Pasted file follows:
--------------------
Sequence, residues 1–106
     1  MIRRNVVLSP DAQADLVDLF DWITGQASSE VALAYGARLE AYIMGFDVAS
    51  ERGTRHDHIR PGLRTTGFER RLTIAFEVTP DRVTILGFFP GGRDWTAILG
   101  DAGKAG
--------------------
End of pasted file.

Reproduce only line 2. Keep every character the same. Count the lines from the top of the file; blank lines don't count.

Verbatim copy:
     1  MIRRNVVLSP DAQADLVDLF DWITGQASSE VALAYGARLE AYIMGFDVAS